BWW Review: BWW REVIEW: MATTHEW BOURNE REIMAGINES SWAN LAKE at New York City Center
The first performance of Matthew Bourne's contemporary Swan Lake was performed at the Sadler's Wells Theater, London, in 1995. It has endured twenty-five years with the staying power of a new classic -- for very good reason. Bourne has reinvented the swans from maidens who have been turned into beautiful swans by an evil sorcerer, to male swans, summoned by the dreams and desires of a pampered, regimented prince, no sorcerer in sight. Much has been made of this and the homoerotic overtones that appear at times; however, there is much more to it than that as a piece of theater. It is a psychological drama which explores, among other things, celebrity and Royalty in today's world.
- the current production, which I saw on stage at the New York City Center on Friday, January 31st, the spell begins as it opens with the picture of a swan flying on a scrim at the front of the stage. When the glorious music of Pyotr Ilyich Tchaikovsky began, the swan took flight--very impressive. When the scrim lifted, the dancing began with a musicality that kept the audience (myself included, of course) rivetted. The group choreography was relatively simple, but the focus and full passion of all the performers in the dramatic work made it most entertaining.
Mention should be given to the designers, all of whom contributed to the success of this ballet: Set & Costume Design, Lez Brotherston; Lighting Design, Paule Constable; Sound Design, Ken Hampton; and Projection Design, Duncan McLean.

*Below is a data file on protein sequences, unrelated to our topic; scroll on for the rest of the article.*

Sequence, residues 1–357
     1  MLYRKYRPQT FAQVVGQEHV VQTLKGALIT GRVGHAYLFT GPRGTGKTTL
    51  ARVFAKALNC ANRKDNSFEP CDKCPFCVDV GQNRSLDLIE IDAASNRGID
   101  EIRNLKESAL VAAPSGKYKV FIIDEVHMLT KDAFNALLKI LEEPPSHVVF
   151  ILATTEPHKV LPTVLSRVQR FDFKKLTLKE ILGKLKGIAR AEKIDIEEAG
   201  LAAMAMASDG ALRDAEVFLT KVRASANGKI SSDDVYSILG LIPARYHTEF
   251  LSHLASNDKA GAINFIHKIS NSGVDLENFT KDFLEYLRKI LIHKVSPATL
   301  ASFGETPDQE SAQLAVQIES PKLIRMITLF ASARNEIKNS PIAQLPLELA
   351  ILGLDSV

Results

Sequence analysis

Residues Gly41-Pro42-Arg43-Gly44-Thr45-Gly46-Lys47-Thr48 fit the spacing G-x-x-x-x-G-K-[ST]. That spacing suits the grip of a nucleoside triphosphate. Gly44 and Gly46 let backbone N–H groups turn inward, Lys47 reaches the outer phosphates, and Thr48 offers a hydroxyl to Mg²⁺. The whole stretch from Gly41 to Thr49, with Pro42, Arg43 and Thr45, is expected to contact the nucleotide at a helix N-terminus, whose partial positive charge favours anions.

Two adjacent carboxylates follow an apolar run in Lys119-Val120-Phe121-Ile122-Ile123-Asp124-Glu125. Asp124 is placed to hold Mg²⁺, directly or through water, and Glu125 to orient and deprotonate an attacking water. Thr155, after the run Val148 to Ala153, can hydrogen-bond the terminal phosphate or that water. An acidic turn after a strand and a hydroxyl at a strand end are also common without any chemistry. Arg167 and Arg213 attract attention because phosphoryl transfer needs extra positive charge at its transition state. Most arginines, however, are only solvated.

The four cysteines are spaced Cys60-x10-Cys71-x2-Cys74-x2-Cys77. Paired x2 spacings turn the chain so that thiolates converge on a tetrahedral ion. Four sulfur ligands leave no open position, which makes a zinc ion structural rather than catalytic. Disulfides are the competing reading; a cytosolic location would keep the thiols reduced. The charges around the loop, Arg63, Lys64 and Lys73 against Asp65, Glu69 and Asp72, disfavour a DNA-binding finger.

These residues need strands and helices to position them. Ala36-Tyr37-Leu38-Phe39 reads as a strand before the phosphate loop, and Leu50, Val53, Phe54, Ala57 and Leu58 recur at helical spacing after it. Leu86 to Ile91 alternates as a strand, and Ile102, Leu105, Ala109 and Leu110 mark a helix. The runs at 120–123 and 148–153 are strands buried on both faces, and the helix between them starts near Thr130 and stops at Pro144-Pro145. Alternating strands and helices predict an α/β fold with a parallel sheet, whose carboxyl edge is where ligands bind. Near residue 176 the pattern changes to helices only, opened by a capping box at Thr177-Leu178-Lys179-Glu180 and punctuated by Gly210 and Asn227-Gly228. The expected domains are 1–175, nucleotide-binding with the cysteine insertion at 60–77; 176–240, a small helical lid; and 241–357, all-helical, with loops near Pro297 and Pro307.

James Lovell made a naïve, over-protected, spoiled prince look so sensitive that made aspects of the story (which I will not give away here) believable. Katrina Lyndon, as the Queen, was a perfect mix of duty, ice, nymphomania, and self-absorption to create a fully dimensional mother for this prince. There were other notable performances. I picked Keenan Fletcher out of the corps de ballet for his back and swan arms, his addition to the dance known as the four little swans, and the way he leaped onto the Prince's high bed as the swans descended upon it in the final bedroom scene.
It was Matthew Ball (principal dancer of The Royal Ballet) as The Swan/The Stranger (in traditional Swan Lakes known as Odette/Odile) who stole the show. From the moment he appeared by the lake, it was obvious that he was no delicate swan. His broad shoulders and bare torso to match showed his strength and power, bringing his will to dominance: bold and irreverent. His Stranger, wearing black leather pants, combined elements of the seduction of the traditional Black Swan and the sadism of the Sorcerer with the swagger of Elvis Presley. He truly seduced all the women and the Prince at the ball, where, traditionally, the Prince was to choose a wife. Ball made me think that to see anyone else in this role would be less than, although this may not be true.
Although I had seen this show when it came to New York in 1998, it was as if new to me. Bravo to Matthew Bourne and to the entire cast!
Photo credit: Johan Persson